The Fido Bursary – Strengthening Veterinary Care in Cape Breton

By Ryan Toomey

Cape Breton needs more veterinary care and we aren’t the only ones who think so! The SPCA has responded to the lack of accessible veterinary care across the province by founding the Nova Scotia SPCA College of Animal Welfare to provide high-quality education and help fill the workforce.

One generous SPCA supporter wanted to take it a step further by specifically helping their home, Cape Breton Island. We worked with the donor to develop a plan to bring more animal welfare professionals to the island in the form of the $5,000 Fido Bursary. The Fido Bursary is awarded to a student enrolled in any program at the Nova Scotia SPCA College of Animal Welfare and gives preference to those looking to bring their skills, post-graduation, to Cape Breton Island and those who may have financial barriers to success in their education.

The first Fido Bursary has been awarded to a loyal Cape Bretoner and future Veterinary Assistant, Bailee Sampson.

“I was born in Halifax and spent the first 5 years of my life living in East Hants,” Bailee explained. “My family then made the move to Cape Breton, where I still live (except during the week when I am in Halifax for school!). Most of my family has always been tied to Cape Breton. A lot of my family has owned businesses in and around St. Peter’s and established their life there. It is the place that has shaped me into the person I am today and I am forever grateful.”

When asked about how the Fido Bursary impacted her life and education, here is what Bailee had to say. “It provided me with financial assistance so I can continue my education without worry. This bursary allows me to focus more on my education and less on the financial stress of being a student. While being a student is stressful, all of that student debt follows you into the work field. This bursary will not only support me in getting better education which will allow me to thrive in a work environment, but it will also cause less financial stress when I am working after graduation. Student loans are expensive, and every little bit of extra support helps.”

Because of the generosity of Cape Bretoners, Bailee has been given the opportunity to thrive in an exciting career that will help fill the gap in Cape Breton’s animal welfare industry.

Bailee certainly doesn’t shy away from expressing just how grateful she is for the philanthropists that prioritize impact through education opportunities. “I would like to say how grateful and thankful I am for the donor to the Fido Bursary. The kindness they must have to donate funding for a bursary to the Nova Scotia SPCA College of Animal Welfare will never go unnoticed. I am deeply appreciative to have been the selected recipient and for the support given by the donor. You have inspired me to help students one day and give back to the community when I am able.”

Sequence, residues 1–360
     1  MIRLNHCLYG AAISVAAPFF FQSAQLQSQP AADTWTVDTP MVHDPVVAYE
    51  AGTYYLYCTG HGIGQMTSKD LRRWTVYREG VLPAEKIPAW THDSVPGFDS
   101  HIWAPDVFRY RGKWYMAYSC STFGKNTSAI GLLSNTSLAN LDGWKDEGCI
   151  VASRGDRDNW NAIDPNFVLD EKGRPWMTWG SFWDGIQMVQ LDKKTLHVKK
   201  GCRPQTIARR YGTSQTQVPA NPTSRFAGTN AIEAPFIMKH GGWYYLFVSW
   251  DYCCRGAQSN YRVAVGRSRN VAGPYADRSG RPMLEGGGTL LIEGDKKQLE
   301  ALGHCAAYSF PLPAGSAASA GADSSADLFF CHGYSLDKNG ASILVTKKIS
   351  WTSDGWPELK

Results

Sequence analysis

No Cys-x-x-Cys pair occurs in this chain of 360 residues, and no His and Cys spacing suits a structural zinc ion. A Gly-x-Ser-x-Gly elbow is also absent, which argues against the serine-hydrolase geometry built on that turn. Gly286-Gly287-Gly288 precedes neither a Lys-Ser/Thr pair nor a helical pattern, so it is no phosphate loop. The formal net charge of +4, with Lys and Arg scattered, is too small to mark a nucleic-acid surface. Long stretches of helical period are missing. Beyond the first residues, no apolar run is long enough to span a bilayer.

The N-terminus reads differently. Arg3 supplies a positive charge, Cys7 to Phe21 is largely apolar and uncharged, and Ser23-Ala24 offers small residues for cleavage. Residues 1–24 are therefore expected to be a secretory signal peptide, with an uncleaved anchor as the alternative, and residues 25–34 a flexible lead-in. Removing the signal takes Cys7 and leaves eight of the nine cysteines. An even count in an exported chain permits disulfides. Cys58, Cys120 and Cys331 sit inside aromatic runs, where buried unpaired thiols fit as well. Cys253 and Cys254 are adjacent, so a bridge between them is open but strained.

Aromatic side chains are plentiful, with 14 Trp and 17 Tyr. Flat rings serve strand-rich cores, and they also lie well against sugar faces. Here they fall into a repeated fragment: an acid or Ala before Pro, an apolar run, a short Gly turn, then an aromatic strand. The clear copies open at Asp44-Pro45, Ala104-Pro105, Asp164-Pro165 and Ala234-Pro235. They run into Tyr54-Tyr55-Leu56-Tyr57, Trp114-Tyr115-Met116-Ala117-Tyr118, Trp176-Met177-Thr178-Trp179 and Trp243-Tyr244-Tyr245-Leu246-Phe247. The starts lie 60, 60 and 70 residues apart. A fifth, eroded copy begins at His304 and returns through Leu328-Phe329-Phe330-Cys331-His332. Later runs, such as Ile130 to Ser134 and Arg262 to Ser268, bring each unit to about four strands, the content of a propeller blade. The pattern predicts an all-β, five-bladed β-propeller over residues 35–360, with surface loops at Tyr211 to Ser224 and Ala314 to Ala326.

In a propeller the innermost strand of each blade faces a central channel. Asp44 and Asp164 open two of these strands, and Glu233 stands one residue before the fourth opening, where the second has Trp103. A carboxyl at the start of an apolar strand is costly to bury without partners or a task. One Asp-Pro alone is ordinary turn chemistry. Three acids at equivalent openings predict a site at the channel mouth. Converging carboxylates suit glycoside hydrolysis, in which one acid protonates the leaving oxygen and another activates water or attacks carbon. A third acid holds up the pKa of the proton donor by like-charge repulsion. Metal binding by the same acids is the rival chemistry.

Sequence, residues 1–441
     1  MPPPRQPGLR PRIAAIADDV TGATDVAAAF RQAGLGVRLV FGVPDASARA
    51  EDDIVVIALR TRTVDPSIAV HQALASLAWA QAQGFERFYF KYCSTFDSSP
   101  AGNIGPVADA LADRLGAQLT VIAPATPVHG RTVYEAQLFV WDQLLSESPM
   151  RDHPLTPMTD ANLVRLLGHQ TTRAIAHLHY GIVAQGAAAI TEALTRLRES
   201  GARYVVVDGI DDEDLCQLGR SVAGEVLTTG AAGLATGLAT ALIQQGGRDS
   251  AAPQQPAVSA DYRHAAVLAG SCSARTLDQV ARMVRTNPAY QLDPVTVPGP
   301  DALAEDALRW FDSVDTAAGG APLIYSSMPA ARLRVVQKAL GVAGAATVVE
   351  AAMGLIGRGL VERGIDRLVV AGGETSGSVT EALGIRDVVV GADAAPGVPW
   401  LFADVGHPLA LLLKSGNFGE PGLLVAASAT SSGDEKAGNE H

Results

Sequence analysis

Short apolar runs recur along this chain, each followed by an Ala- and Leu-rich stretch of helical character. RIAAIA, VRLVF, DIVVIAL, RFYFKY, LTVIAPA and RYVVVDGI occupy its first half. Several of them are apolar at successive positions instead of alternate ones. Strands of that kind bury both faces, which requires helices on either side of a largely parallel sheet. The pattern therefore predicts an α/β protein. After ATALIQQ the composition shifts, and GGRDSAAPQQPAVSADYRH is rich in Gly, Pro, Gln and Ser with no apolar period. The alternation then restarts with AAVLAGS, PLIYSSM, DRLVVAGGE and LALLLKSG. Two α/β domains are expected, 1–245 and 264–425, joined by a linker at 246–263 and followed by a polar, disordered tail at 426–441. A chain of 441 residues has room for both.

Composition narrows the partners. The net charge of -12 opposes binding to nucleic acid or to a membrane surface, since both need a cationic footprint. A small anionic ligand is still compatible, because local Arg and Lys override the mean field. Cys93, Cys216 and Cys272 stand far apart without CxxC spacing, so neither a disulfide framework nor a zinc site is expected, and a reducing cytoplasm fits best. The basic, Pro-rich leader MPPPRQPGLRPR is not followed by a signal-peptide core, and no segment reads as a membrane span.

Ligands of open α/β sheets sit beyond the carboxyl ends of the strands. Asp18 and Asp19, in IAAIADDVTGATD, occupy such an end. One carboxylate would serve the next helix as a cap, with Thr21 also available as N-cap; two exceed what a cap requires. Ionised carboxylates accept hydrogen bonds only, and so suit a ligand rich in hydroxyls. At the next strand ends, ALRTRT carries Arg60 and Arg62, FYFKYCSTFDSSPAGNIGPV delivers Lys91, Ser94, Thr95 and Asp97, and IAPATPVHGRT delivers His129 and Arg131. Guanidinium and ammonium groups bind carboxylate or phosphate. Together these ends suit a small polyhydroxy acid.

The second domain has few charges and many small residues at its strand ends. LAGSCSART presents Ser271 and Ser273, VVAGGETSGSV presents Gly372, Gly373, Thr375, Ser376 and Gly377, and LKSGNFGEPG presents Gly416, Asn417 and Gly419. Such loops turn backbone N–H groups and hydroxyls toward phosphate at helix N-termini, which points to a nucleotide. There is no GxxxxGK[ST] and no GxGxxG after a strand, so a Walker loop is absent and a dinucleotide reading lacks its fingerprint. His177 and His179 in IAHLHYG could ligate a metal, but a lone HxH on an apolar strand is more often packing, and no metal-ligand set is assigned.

“Bursaries help with education more than anyone knows,” Bailee continued. “Sometimes they’re the only reason students can get a post-secondary education. School is so expensive which can be very stressful and burdening on an individual. Any little bit of support helps. To donors who are considering creating an award, I would just like to let you know that no matter how big or small, everything little thing is appreciated. Our future is brighter because of people like you!”

We couldn’t have said it better, Bailee! You can have a lasting impact on the animal welfare industry too by supporting education opportunities at the Nova Scotia SPCA College of Animal Welfare.

“My experience at the Nova Scotia SPCA College of Animal Welfare has been amazing so far,” Bailee beamed. “It really is such a unique education experience. Our instructors are the best! They truly care about how we learn and make sure we get one-on-one opportunities so that the schooling fits everyone’s needs. My favorite aspect is the hands-on experience we get. Being so close to the Dartmouth SPCA shelter, we take in animals, allowing them new experiences and to get socialized. While doing so, us students are also getting the exposure to all different species while learning handling, husbandry, grooming, and behavior. Some species we’ve had in the classroom so far are bunnies, kittens, rats, guinea pigs, snakes, and of course, our favorite furry assistant, Audrey, who is a Cavalier King Charles Spaniel, owned by one of our instructors. With their excellent class instruction and the hands-on opportunities, I truly feel as though we are getting the best education which is going to allow us to flourish as Veterinary Assistants!”

Are you looking for a thrilling career of helping companion animals? Maybe your looking to have a lasting impact on the animal welfare industry? If so, reach out to us here to chat more about the Nova Scotia SPCA College of Animal Welfare.


Ryan Toomey

Ryan is a Development Officer with the Nova Scotia SPCA and proud adoptive fur-papa to Jake and Sam. He is determined to ensure homeless pets get the help they deserve.